Missouri University of Science and Technology researchers plan to enhance telerium (Te) recovery from copper processing (CP) by optimizing the current operations to capture the Te, gold (Au), and silver (Ag) that are presently lost to tails.
The scope of work involves: advanced mineralogical analysis of different processing streams of the flotation circuit of CP ores to identify Te carriers and modes of occurrence (i.e., Te in the crystal lattice vs. Te-rich inclusions in larger minerals); evaluation of different approaches and flow sheet options for enhanced separation of Te, Ag, and Au minerals from processing streams of CP ores; and techno-economic assessment to estimate the capital and operating costs of the developed flow sheets for successful implementation, which could increase the domestic production of Te from CP ores by at least 50%.
Arizona State University
Arizona State University researchers will combine the power of hard X-ray microscopy (XRM) and soft X-ray and electron spectroscopies to probe arsenic (As)-doped CdSeTe absorbers and devices. XRM will probe the chemical distribution, atomic environment, and current collection at the nanoscale for the As and selenium (Se) absorption edges. Electron and soft X-ray spectroscopies will enable an area-integrating determination of the electronic structure at surfaces (band edges, surface bandgap) and interfaces (band alignment), in addition to the chemical bonding environment of the sulfur (S), chlorine (Cl), and oxygen (O) in the device.
The team is tackling two main questions: How do the chemical states of As (and neighboring atoms) evolve between initial deposition and post-activation? What stressors and processes enhance or prevent activation of As dopants?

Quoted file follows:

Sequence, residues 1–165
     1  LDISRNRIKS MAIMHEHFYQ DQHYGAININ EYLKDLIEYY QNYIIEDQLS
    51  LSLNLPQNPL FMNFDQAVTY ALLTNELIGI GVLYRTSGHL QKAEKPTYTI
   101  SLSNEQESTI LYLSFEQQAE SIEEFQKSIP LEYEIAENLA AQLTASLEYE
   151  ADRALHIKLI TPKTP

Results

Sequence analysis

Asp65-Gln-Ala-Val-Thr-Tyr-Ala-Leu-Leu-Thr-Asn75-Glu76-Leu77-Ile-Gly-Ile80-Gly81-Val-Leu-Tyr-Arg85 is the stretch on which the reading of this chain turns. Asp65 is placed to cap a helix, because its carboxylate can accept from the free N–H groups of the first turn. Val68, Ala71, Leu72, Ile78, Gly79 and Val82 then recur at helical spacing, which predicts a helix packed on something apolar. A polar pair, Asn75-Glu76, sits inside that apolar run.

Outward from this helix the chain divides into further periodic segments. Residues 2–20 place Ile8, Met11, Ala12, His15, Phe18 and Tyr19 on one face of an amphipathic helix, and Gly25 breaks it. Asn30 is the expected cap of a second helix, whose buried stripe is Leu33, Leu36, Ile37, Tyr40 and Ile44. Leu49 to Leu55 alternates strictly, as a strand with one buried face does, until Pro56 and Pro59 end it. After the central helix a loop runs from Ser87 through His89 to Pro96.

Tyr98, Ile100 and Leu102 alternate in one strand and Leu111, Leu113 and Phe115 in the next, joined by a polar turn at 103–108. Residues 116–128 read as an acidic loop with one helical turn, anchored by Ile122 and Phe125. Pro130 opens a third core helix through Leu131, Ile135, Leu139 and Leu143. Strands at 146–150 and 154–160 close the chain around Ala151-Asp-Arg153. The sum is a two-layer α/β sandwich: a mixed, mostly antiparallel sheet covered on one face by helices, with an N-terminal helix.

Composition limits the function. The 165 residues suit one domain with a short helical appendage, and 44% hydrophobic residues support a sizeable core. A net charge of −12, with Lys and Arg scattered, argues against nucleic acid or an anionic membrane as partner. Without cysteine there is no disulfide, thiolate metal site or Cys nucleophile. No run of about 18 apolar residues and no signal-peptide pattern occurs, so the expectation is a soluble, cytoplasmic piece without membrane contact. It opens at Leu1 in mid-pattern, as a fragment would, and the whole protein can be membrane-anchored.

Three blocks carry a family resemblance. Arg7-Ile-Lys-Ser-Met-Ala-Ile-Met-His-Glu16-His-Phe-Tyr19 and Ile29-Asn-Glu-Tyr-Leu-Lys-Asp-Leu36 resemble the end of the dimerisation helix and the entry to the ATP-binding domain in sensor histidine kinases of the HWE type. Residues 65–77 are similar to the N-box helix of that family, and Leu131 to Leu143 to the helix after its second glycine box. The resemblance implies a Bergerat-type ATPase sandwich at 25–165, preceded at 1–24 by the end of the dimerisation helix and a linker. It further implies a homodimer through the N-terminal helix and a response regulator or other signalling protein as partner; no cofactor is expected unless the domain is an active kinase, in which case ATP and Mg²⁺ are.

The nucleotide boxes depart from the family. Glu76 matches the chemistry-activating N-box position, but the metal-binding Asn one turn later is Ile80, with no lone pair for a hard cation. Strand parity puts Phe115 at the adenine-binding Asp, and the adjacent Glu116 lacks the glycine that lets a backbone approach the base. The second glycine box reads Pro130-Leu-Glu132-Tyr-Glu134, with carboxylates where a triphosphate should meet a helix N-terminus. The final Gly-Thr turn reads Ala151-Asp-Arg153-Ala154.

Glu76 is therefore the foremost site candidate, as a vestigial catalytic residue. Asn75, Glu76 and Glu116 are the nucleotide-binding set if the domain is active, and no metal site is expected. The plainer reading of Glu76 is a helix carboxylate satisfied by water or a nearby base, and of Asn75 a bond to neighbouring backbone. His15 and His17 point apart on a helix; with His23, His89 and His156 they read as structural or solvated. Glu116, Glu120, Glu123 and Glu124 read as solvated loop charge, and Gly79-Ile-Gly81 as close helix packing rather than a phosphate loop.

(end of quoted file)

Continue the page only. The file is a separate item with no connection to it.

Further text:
University of Utah
University of Utah researchers will assess the role of microstructures in advanced CdTe devices. The goal is to improve the limiting open-circuit voltage while retaining the maximum values of short-circuit current and fill factor of CdTe solar cells by developing a novel architecture built on a comprehensive understanding of local carrier dynamics. The team plans to investigate the interfacial and microstructural characteristics of advanced CdTe (CdSe(1-x)Tex) Passivated Emitter and Rear Contact (PERC) solar cells.
A microcontact array platform with tunable pattern geometry will enable measurements of global (patterned CdTe PERC) and local carrier transport, delineating the contribution of grain bulk and grain boundaries to overall photovoltaic performance. Using complementary electron/optical microscopy, we will correlate the transport characteristics to the microstructural properties of each sample set (e.g., GrV-doped vs. copper (Cu)-doped CdTe PERCs).
NREL will serve as a resource, support, and technical analysis center as the consortium develops a technology roadmap, conducts research to meet targets set within the roadmap, and regularly assesses the domestic CdTe supply chain for challenges and opportunities.